Would you be tempted? Would you be tempted even when you found out the credit card limit has been raised but that you’ll have to give up some of what you already get from your partner in other ways. Spend more money yes, but they’re cutting back on what they put into the house keeping pot. Imagine you found out your use of the house key only entitled you to use the back door as well as the front, but all the other restrictions still applied. Imagine that your friends allowance was being raised but that your partner would still decide who they were and when you could see them. And the clothes? Oh they’ll be chosen for you … but on the bright side, you’ll have a greater selection of the stuff you can actually wear.
Would this change the equation somewhat? Would you be less interested in leaving, or would you realise, finally, that this person just doesn’t get it at all? That the marriage of convenience is, and always has been, built around what works for them, and not so much you?
It’s tempting to say we’re really getting some very mixed messages as we roll into the home straight, but that is the greatest illusion of all. Making maharajas is the carrot, but that stick is always there, just in case. What makes it all the more galling here is who’s holding the weapon.
Better Together has run the worst campaign in living memory, and it will astound me if Blair McDougall ever finds work in professional politics again when this is done. I have rarely seen such flagrant, and blatant, incompetence. Their campaign has been a mess from start to finish, playing its good cards bafflingly early in the game until they’ve gone into the final furlong holding only dreck.
It was amplified best for me during the latest TV debate, when Yes put the charismatic national treasure Elaine C. Smith into a head-to-head battle for the soul of the electorate against a fresh faced NuLabour luvvie. Talk about bringing a knife to a gun fight. It was an image nightmare, a piece of pure misjudgement so stark I wondered who in the Hell from Better Together had decided this was a good idea. That person deserves a merit badge, for services to Yes Scotland.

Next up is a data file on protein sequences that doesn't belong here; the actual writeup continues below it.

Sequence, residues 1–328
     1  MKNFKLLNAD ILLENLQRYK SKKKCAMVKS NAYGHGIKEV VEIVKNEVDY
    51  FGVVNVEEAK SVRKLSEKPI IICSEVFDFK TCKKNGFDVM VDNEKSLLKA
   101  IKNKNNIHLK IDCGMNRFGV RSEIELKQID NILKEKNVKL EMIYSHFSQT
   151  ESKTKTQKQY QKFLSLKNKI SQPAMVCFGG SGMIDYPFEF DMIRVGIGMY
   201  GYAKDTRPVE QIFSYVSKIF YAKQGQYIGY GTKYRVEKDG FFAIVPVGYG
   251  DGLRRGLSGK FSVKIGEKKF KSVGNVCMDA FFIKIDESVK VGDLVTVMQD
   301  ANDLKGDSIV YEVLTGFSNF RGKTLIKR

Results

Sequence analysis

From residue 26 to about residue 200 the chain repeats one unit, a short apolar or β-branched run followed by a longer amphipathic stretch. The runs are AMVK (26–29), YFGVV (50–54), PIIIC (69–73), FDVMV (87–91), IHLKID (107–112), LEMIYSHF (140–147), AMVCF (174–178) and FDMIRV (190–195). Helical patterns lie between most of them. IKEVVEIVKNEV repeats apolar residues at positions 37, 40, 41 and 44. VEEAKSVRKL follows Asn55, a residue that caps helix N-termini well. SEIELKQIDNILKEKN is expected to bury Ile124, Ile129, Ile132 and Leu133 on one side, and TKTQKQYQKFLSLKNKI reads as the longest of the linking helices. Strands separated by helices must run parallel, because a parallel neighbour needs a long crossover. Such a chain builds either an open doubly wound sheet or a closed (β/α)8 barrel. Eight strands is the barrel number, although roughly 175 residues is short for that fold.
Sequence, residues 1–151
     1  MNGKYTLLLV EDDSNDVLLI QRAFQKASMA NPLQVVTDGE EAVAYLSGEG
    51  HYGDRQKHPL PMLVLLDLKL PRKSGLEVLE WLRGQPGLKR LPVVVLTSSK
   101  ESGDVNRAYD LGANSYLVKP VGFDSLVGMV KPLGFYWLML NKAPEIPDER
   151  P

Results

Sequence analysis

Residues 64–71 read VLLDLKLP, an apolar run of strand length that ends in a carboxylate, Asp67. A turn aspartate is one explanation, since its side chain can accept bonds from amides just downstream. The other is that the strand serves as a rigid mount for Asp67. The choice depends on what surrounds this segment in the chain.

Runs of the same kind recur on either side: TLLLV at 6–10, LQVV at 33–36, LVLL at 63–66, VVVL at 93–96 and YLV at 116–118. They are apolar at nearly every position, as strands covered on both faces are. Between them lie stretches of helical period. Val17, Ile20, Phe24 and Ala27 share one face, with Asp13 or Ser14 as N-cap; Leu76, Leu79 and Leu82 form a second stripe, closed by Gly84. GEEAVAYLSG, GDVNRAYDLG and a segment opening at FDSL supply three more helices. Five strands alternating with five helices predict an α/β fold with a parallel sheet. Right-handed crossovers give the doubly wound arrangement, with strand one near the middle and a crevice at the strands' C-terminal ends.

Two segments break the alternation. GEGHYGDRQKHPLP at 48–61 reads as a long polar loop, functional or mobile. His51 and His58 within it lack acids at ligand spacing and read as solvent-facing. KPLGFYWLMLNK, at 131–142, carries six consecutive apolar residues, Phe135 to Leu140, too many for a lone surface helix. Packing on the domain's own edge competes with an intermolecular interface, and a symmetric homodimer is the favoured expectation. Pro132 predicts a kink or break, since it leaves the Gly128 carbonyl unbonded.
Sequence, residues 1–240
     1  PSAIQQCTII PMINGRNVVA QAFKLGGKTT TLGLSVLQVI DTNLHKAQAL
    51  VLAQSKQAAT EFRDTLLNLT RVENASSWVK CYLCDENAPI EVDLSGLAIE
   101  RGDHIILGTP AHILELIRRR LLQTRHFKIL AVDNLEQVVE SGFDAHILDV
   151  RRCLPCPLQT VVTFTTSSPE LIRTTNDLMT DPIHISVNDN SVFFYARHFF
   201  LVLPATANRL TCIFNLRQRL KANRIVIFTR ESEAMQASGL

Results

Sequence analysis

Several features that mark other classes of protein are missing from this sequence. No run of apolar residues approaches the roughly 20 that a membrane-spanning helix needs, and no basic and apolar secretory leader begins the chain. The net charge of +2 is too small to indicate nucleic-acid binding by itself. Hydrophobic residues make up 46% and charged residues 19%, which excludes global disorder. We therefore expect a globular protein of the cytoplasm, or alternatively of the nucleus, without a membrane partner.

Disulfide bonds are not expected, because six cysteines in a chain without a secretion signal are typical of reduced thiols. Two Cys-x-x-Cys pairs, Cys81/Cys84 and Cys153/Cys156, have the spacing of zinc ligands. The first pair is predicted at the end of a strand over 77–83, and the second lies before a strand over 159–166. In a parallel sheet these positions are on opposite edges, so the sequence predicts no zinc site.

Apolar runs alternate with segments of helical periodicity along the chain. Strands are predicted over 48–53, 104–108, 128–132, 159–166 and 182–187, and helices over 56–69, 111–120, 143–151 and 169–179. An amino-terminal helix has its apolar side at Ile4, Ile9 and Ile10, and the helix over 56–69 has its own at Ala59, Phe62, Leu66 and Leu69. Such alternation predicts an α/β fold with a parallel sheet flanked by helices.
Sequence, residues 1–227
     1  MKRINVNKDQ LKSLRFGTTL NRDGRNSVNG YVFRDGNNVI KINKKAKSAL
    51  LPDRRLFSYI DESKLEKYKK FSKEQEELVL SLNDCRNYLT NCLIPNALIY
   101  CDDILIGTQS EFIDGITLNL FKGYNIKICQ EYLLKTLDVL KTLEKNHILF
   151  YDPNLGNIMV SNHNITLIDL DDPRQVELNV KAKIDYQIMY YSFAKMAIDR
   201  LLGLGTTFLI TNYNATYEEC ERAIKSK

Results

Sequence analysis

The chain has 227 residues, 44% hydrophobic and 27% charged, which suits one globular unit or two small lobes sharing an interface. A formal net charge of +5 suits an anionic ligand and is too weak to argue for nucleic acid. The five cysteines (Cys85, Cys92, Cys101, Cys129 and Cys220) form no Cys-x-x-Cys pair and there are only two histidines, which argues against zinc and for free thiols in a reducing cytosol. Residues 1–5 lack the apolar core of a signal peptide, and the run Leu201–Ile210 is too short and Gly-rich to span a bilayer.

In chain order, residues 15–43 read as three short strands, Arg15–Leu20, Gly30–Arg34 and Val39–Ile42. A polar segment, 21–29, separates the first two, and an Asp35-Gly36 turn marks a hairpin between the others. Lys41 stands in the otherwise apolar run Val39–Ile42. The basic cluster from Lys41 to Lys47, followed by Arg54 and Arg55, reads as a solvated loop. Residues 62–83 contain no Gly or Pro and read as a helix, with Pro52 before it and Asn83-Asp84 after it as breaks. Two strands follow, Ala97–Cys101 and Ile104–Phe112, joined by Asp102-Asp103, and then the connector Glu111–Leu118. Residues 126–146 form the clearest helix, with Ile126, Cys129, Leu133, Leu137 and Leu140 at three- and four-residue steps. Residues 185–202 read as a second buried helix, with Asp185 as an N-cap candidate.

Labour voters have long held the key to this thing, which makes it all the more incredible to me that Better Together has led off with the worst of the worst amongst their ranks.
Take the “100 towns tour”, an exercise in “I Love Me” if ever I’ve seen one.
Putting Jim Murphy on a soap box is like putting a narcissist in charge of the Hall of Mirrors. The self-love was always going to morph into delusions of grandeur and that was always going to result in calamitous over-reach. The man who gleefully rode on top of tanks and donned flak jackets, who vowed not to be silenced, barracked Yes voters everywhere, but was scared off the streets by a single protester wielding an egg. That would have been bad enough without his running to the media to tell stories of hate-mobs under the control of the smiling, genial and gentlemanly Blair Jenkins. The picture doesn’t fit, and everyone knows it.
That was never going to earn him more than derision and the contempt. It was a slap in the face to those Labour Party members out there who still believed their side was interested in an honest debate, and playing a straight game. The notion of putting a man like Jim Murphy, an expenses fiddler, shameless self-promoter and proven liar, front and centre in a contest where probity and fair play will be rewarded is laughable and an insult to the collective intelligence of the nation.
Murphy accomplished only one thing; he ensured that there will be no way back for him in an independent Scotland’s Labour Party. His political career ends with the current Westminster parliament unless he finds himself a safe seat south of the border. He is finished up here after showing himself up as a duplicitous charlatan, a hack with a messiah complex and a coward all wrapped up in one slippery skin with his wondrous, self-destructive display.
It’s people like him, on the front lines of the Better Together campaign, who have turned Labour’s voters into the most partisan supporters of Yes outside the SNP. They understand that between Murphy’s preening and Johan Lamont’s exhortations to Scotland to rip down the welfare safety net and end its “something for nothing” culture that this party they’ve given their lives to has walked away from every principle that ever bound it together.